About the Holiday
It can be fun to try out new names or special nicknames in forming your identity. For those who are not so fond of their birth name, choosing a new name offers comfort, control, and happiness. Actors, writers, and other creative types sometimes change their name to something that is more memorable, easier to say, is flashier, or has more cred. To celebrate today’s holiday, try on a few different names. If you were going to change yours, what would you pick?
My Name Is Not Isabella: Just How Big Can a Little Girl Dream?
Written by Jennifer Fosberry | Illustrated by Mike Litwin
Mom opens her daughter’s bedroom door with a cheery “‘Good morning, Isabella. It’s time to get up and out of bed.’” But the little girl yawns and stretches and most emphatically states, “‘My name is not Isabella!’” Mom plays along, wondering who has then been sleeping here. “‘My name is Sally,’” Isabelle states, “‘The greatest, toughest astronaut there ever was!’” Having Sally Ride in the house is fine with Mom, as long as she puts on her space suit and comes down for breakfast.
When the little girl comes to the table, it seems she is no longer Sally. Hmmm… her mother says. She doesn’t know who will eat the delicious waffles she has made. Annie, the greatest, fastest sharpshooter, grabs the syrup and aims for her target.
Soon it’s time for school, but when the bus arrives, Annie is nowhere to be found. In her place is “‘Rosa, the greatest, bravest activist that ever was.’ ‘Well, Rosa’” her mother says, “‘March over there and take your seat on the bus.’” School ends, but the bus doesn’t drop off Rosa. Instead, the freshly made chocolate chip cookies will be enjoyed by “‘Marie, the greatest, smartest scientist who ever was.’”
Her mom is happy to see Marie and offers to get the cookies while Marie discovers the answers to her homework. Well, the cookies must fill Marie up, because when dinner rolls around, Elizabeth Blackwell shows up to set the table. At bath time, Elizabeth doesn’t feel like soaking in the relaxing bubbles, so she sends “‘Mommy, the greatest, sweetest mother who ever was,’” instead.
With pajamas on and teeth brushed the “little girl climbed into bed, [and] the mother says, “‘Good night, Mommy.’” But Mommy is standing near the starlit window, so who is sleeping in the little girl’s bed? “‘Isabella, the sweetest, kindest, smartest, bravest, fastest, toughest, greatest girl that ever was.’” And as she sleeps, she “dreamed about who she would be tomorrow.”
In Jennifer Fosberry’s inspiring story, it’s not that the little girl doesn’t want to be Isabella, it’s that she wants to be the best Isabella she can be. In thinking about her role in the world, she’s chosen to emulate five of the most amazing women the world has ever known—and that’s just on day one. Fosberry’s ending, with its view toward tomorrow, allows children to consider all of the influential women throughout history and working today as role models. Her inclusion of “Mommy” as one of Isabella’s heroines is a welcome tribute to the job of motherhood. After all, it’s clear from the way Isabella’s mother supports her daughter’s alter egos without a “Sally who? or a “Rosa who?” that she has taught Isabella about these “greatest” women. It’s just one lesson this mother—and all mothers—teach their children.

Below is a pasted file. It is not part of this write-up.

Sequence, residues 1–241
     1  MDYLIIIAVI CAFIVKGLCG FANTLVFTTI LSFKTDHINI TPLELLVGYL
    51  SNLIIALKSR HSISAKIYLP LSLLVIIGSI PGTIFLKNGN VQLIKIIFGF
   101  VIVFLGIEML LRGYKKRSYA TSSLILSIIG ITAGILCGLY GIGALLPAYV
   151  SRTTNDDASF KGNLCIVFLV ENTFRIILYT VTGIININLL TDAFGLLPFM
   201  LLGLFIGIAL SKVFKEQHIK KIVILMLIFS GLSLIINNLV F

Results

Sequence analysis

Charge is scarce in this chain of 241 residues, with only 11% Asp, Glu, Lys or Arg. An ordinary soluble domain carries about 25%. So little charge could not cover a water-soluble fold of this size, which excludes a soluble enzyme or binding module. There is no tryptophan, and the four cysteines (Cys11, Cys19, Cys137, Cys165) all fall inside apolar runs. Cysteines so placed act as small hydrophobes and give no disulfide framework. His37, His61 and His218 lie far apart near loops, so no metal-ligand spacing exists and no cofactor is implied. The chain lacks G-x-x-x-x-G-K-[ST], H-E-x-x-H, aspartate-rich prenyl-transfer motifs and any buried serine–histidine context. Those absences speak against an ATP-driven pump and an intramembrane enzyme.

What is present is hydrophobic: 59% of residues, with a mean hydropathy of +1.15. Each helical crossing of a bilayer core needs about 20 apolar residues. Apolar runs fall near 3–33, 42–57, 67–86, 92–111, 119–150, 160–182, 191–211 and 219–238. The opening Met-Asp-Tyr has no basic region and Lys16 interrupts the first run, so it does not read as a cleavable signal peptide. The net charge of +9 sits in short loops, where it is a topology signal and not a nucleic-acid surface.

Mike Litwin will enchant readers with his colorful illustrations of Isabella and her transformations. Whimsical details and even the way Isabella’s stuffed toy mouse changes into a real companion for Sally, Rosa, Annie, Marie, and Elizabeth mirrors the power of imagination and education in the formation of a child’s identity and the discovery of their particular talents. Isabella is adorable with her purple hair—just another proof of her individuality—and inspirational in her can-do attitude
Short biographies and portraits of Sally Ride, Rosa Parks, Annie Oakley, Marie Curie, and Elizabeth Blackwell follow the text.
A book that will charm as well as educate, My Name is Not Isabella is a classic that makes a great introduction to the women mentioned in the story and can spur further discovery for younger readers. It would be a welcome addition to home and classroom bookshelves.
Ages 4 – 8
Sourcebooks Jabberwocky, 2010 | ISBN 978-1402243950
Discover more about Jennifer Fosberry and her books on her website.
Learn more about Mike Litwin, his books, and his art on his website.
Get a Different Name Day Activity
First and Last Initials Bookends
You can show your pride in your name (or play with changing it) with this easy craft that will keep all your books tidy on their shelf! This makes a great gift too!
- Sturdy wooden letter blocks in the child’s first and last initials. Or, if the child would like to try on a new name or nickname, the first letter of their new name.
- Chalkboard or acrylic paint
- Colored chalk
- Paint brush
- Paint the letters, let dry
- With the chalk write words that describe you or names of your heroines and/or heroes
- Display your bookends
Picture Book Review